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Cablegate: Goss Gives Juba Security Update

VZCZCXRO5650
OO RUEHROV
DE RUEHKH #0623/01 1141247
ZNR UUUUU ZZH
O 231247Z APR 08
FM AMEMBASSY KHARTOUM
TO RUEHC/SECSTATE WASHDC IMMEDIATE 0629
INFO RUCNIAD/IGAD COLLECTIVE
RHMFISS/CJTF HOA

UNCLAS SECTION 01 OF 02 KHARTOUM 000623

SIPDIS

DEPT FOR AF/SPG, A/S FRAZER, SE WILLIAMSON
ADDIS ABABA FOR USAU
DEPT PLS PASS USAID FOR AFR/SUDAN

SENSITIVE
SIPDIS

E.O. 12958: N/A
TAGS: PGOV PREL KPKO SOCI AU UNSC CASC SU
SUBJECT: GOSS GIVES JUBA SECURITY UPDATE


1. (SBU) Summary: On the afternoon of April 21 the GOSS assembled
the Diplomatic and NGO community for a briefing on what steps it is
taking to combat the recent rash of armed robberies targeting
foreigners and NGOs in Juba. Actions to be taken include putting
more police out on the streets, starting night patrols, creation of
a rapid response force to come to the aid of those being robbed,
increased investment in communications equipment, the creation of a
committee to coordinate actions among all security forces,
identifying critical areas in Juba to watch, the relocation of all
SPLA forces outside of Juba, and the curtailment of the movement of
SPLA forces at night except for those on patrol. End Summary

2. (SBU) The Ministers of Regional Cooperation, Internal Affairs and
Information and Broadcasting met with the international community in
Juba on Monday afternoon to address concerns related to a recent
surge in crime directed against foreigners and INGOs. The Interior
Minister opened the meeting by explaining that from 2005 to 2006
Juba had faced a similar crime rate, but that 2007 saw a dramatic
fall in robberies. The recent crime wave began in mid-February and
represented a threat to the CPA. He hinted darkly that the enemies
of the Peace Agreement were the active players in this new crime
wave.

3. (SBU) The Interior Minister laid out the initiatives the GOSS was
undertaking to combat the problem. This included putting more
police on the streets, new night patrols to watch for armed groups,
a rapid response force ready to rush to the scene of an ongoing
robbery, the distribution of more and better communications
equipment to help law enforcement forces to better communicate and
coordinate, the creation of a committee to coordinate all the
security forces involved (military intelligence, SPLA, police,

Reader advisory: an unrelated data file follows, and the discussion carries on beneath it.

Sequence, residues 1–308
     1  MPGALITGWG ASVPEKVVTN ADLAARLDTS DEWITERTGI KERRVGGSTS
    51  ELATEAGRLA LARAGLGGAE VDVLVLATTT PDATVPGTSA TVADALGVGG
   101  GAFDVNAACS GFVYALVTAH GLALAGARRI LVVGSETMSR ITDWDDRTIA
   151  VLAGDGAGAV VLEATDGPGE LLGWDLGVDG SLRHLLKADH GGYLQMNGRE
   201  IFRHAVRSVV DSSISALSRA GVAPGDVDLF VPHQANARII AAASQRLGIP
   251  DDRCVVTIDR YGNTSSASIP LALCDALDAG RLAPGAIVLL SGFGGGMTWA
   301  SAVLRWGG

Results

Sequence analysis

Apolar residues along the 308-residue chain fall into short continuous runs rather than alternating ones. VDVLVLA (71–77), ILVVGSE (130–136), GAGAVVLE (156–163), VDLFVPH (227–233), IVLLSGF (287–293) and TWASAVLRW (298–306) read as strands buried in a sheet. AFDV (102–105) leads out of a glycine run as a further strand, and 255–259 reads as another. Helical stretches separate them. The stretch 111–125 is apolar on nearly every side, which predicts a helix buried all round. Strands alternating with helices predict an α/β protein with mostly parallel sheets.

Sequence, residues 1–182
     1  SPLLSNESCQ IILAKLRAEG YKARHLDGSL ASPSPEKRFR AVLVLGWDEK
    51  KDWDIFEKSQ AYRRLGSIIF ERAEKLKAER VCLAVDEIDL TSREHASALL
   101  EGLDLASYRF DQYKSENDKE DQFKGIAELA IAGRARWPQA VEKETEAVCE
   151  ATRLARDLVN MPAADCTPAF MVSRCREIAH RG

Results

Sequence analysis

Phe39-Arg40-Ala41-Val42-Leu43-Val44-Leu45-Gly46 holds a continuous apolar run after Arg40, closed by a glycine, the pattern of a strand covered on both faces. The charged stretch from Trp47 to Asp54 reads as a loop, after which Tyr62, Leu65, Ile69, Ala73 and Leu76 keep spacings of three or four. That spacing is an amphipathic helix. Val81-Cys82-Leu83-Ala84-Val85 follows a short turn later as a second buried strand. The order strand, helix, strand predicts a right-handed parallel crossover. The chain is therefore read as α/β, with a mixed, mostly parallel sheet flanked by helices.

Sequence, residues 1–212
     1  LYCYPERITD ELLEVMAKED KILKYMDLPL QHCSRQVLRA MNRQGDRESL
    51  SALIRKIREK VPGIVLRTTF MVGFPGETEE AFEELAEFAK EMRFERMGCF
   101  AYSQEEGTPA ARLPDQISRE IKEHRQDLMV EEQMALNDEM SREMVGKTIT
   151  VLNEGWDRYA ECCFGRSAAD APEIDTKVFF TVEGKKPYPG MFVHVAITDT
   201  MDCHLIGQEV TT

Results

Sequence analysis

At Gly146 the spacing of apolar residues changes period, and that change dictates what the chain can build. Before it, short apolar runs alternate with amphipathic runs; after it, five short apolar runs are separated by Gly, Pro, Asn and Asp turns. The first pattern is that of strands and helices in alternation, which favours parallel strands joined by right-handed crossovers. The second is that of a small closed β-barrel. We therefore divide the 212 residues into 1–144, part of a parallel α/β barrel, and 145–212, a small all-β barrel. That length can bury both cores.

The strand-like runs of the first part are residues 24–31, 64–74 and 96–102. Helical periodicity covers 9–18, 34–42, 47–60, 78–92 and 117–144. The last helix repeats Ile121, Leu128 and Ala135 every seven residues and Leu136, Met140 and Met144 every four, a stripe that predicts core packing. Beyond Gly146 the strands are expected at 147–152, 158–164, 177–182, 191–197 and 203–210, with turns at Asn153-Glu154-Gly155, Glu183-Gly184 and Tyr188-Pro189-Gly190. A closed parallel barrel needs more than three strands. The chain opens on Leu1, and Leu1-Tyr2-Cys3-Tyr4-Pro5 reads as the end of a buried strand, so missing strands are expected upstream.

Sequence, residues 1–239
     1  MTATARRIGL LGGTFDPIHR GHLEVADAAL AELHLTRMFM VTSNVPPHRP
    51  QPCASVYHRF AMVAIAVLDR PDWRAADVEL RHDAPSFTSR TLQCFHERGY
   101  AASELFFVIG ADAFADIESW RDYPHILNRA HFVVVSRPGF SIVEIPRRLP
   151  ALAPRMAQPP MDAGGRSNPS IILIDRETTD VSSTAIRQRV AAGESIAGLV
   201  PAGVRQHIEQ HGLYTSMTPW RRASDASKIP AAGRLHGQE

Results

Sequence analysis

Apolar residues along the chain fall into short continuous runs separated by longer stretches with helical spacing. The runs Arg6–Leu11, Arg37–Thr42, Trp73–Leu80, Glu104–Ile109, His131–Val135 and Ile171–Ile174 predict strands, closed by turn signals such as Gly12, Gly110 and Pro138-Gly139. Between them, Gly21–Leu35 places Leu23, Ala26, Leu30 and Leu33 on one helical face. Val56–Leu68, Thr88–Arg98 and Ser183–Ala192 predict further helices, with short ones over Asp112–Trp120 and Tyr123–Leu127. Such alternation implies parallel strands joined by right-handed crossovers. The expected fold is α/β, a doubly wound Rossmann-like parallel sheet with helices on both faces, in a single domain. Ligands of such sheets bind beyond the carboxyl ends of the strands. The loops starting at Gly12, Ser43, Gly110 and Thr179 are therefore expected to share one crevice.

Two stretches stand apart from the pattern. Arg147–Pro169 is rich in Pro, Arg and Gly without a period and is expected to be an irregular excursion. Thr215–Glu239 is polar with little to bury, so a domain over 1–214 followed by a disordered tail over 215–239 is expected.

etc.), the identification of critical areas in Juba for increased
surveillance, the relocation of all SPLA forces outside of Juba, and
the curtailment of the movement of SPLA forces at night except when
on duty.

4. (SBU) The Minister then made a pitch for the INGOS not to panic.
The GOSS took their security seriously, and the "enemies of peace",
he said, wanted them to leave. They should not cave in to that.
After all, he said, no place was entirely crime free, and in fact
crime is far more prevalent and dangerous in places like Nairobi and
in South Africa, where foreigners are often killed. No foreigners,
he said, had been killed in Juba.

5. (SBU) The Minister for Regional Cooperation spoke next, assuring
everyone that the GOSS "Will take responsibility for your safety."
Again, he hinted that the CPA has its enemies whose intent is to
wreck the peace, and that the international community was being
targeted because they help the CPA. The Minister of Information and
Broadcasting spoke last, echoing much of the same message and again
hinting that the "enemies of peace and the CPA" were behind the
attacks. He promised that these people would be identified and
brought to justice. He said that Southern Sudan was a free country
with freedom of movement, "which gives troublemakers opportunities."
He said that the GOSS would not curb or reduce freedoms in order to
handle the situation, but that they would "crack down."

6. (SBU) In a question and answer period, the Interior Minister said
that the GOSS was creating nine new police stations around Juba to
increase law enforcement outreach, and that the pattern of attacks
looks "calculated." The attackers are young and generally in
military clothing. He said, however, he did not believe they were
SPLA because they often asked their victims if the SPLA was nearby,
which they would already know were they really in the army.
Finally, he added, "Do not complain if we act aggressively against
these people. If they take $50,000 and we catch them, we'll shoot
them."

7. (SBU) After the meeting CG Datta was in a conversation with the
head of UNMIS when the Interior Minister walked by and interrupted
them to say privately that they had recently caught some of the
perpetrators. "They will lead us to the others," he confidently
predicted, and again hinted darkly that they were the "enemies of
peace." He refused to say more or elaborate.

8. (SBU) Comment: The ministers never came out and directly said
NCP, but they were obviously hinting that these "enemies of peace"
were agents of the NCP here to drive out INGOs in the hopes of
damaging the GOSS and the CPA. This is always the default position
in South Sudan when anything goes badly regardless of the facts. It
is also possible that there are elements within the South who would
wish to destabilize the GOSS. A crime wave in Juba hardly needs an
agent provocateur explanation, however. The INGOs in Juba are soft
targets with lots of cash on hand because of the poor service
offered by local banks and the need to conduct nearly all business
in cash. Men with guns can make a lot of money fast and there are
lots of armed men in South Sudan.

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FERNANDEZ

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